The Blog Only About Showbiz

Pitt puts his movie career on hold to help Big Easy

Posted by jahanzaibmemon on December 30, 2007

The actor says he has put his Hollywood career on hold, with no film projects under way, while doing all he can to help the city recover from Hurricane Katrina’s destruction in August 2005.

The slow recovery has attracted many celebrities, among them Sean Penn, Denis Leary, Kirstie Alley, Ellen DeGeneres and New Orleans native musicians Harry Connick Jr. and Branford Marsalis.

Few stand out as much as Pitt. He and Angelina Jolie bought a home in the French Quarter. He has pledged more than $5 million to Make It Right, the project he’s backing to rebuild 150 homes in the Lower 9th Ward, one of the city’s most impoverished areas. On Saturday he and Jolie made an appearance to promote the Children’s Health Fund’s finding that 46,000 to 64,000 children remain displaced since the hurricane.

Katrina was especially devastating in the Lower 9th. Less than 10 percent of its population has returned. Make It Right calls for construction of its first house to start by summer. Pitt has pledged to match up to $5 million in contributions. So far, more than $3.5 million has been raised.

Pitt, 43, was born in Oklahoma and grew up in Missouri, but is no stranger to New Orleans. He filmed two movies here — ”Interview With a Vampire” in the 1990s and ”The Curious Case of Benjamin Button” in 2006 and early 2007. ”Button” is due out next year.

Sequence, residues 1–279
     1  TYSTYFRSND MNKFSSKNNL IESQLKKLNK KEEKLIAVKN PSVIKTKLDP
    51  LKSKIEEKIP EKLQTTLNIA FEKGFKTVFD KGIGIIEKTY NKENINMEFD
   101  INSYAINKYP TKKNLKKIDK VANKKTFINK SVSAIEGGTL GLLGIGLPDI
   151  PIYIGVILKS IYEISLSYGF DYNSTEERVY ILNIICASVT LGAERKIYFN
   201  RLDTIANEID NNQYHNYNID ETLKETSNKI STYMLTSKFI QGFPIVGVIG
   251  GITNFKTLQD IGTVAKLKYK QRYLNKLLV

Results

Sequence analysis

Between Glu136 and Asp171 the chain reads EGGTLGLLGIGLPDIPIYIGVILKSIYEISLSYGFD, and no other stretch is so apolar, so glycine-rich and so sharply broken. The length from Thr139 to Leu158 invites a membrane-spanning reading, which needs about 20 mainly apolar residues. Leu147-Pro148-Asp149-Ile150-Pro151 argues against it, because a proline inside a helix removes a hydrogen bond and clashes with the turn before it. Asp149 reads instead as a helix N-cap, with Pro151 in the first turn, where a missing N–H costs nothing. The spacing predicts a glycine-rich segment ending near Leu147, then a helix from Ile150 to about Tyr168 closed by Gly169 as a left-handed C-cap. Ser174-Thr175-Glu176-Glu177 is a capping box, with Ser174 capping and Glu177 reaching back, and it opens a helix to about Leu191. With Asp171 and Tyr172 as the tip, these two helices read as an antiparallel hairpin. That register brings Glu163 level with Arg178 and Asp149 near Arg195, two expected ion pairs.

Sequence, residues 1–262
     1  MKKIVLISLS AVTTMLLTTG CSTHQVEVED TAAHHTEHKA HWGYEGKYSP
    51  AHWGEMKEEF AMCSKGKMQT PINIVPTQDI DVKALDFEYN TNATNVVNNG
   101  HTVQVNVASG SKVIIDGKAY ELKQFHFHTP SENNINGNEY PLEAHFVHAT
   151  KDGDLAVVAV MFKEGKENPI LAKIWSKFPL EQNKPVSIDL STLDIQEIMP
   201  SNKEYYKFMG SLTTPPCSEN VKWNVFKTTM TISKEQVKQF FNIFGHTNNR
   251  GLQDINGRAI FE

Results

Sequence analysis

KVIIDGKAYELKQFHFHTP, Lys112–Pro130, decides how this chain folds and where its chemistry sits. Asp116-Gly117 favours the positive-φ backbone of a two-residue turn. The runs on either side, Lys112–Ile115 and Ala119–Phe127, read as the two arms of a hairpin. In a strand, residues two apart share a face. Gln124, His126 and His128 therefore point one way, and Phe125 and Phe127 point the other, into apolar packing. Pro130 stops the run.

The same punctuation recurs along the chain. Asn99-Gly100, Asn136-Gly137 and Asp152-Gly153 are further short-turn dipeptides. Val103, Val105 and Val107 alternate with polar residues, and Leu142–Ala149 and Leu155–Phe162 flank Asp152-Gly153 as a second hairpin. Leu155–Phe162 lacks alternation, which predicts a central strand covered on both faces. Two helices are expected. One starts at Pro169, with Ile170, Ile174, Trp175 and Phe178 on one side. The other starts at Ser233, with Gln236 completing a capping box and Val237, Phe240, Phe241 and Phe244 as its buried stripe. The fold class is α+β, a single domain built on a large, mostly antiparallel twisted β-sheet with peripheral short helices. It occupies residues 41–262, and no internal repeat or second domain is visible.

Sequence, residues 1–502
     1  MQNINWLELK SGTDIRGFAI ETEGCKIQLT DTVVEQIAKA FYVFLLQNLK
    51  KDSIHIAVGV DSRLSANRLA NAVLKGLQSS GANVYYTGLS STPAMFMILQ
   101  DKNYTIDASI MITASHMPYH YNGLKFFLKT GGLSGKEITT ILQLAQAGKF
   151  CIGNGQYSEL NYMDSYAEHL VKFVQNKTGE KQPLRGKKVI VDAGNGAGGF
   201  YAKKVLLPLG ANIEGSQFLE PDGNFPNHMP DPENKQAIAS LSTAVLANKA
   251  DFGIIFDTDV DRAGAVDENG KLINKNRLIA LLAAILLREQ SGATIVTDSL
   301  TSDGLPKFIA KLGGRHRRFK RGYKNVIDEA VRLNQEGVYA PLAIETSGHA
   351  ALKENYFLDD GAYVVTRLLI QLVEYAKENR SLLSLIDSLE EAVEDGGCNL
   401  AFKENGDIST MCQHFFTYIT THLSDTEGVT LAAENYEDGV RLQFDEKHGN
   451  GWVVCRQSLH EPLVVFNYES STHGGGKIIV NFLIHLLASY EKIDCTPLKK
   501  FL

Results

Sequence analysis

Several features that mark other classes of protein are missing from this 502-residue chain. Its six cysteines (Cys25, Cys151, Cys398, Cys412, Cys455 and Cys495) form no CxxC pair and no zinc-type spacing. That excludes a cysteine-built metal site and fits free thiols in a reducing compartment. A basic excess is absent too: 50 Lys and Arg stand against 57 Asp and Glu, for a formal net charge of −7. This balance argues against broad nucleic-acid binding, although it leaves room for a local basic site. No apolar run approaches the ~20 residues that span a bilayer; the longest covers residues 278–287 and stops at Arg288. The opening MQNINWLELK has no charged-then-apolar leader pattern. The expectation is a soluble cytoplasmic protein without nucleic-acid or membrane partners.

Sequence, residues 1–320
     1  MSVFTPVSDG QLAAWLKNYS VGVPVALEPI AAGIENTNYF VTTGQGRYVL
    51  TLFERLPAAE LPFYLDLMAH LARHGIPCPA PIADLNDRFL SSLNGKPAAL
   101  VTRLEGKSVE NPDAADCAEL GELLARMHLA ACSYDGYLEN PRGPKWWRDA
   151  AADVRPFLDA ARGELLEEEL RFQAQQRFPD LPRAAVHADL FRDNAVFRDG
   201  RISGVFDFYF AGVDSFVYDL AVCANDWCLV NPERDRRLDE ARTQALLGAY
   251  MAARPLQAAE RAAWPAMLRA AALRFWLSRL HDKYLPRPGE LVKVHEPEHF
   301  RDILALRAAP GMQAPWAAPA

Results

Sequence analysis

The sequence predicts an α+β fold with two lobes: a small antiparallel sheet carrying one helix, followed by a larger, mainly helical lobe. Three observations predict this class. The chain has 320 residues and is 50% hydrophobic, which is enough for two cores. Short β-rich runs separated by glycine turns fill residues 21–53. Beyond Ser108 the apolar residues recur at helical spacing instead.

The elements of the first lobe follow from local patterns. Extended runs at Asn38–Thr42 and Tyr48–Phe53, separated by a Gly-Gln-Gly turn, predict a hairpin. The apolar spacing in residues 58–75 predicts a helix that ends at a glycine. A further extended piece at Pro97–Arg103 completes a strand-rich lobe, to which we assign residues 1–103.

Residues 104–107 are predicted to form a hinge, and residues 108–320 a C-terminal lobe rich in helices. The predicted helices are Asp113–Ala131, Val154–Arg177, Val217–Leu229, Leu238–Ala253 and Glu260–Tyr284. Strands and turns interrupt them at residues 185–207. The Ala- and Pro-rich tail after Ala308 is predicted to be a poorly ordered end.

Pitt said Make It Right and another project he launched last year with Global Green USA will help fill the need for affordable housing while also rebuilding ”smarter” with energy-saving, environmentally friendly materials.

Both projects have attracted national supporters, including Democratic presidential candidates Hillary Clinton and Barack Obama. Pitt said he hopes the city’s recovery will be a focal issue of the 2008 campaign.

”I don’t want it to be used so much as a whipping boy for past mistakes, but as a real proving ground for policies set forth, meaning education, health reform,” he said. ”If it’s going to work, it’ll work here, and this place certainly needs it.”


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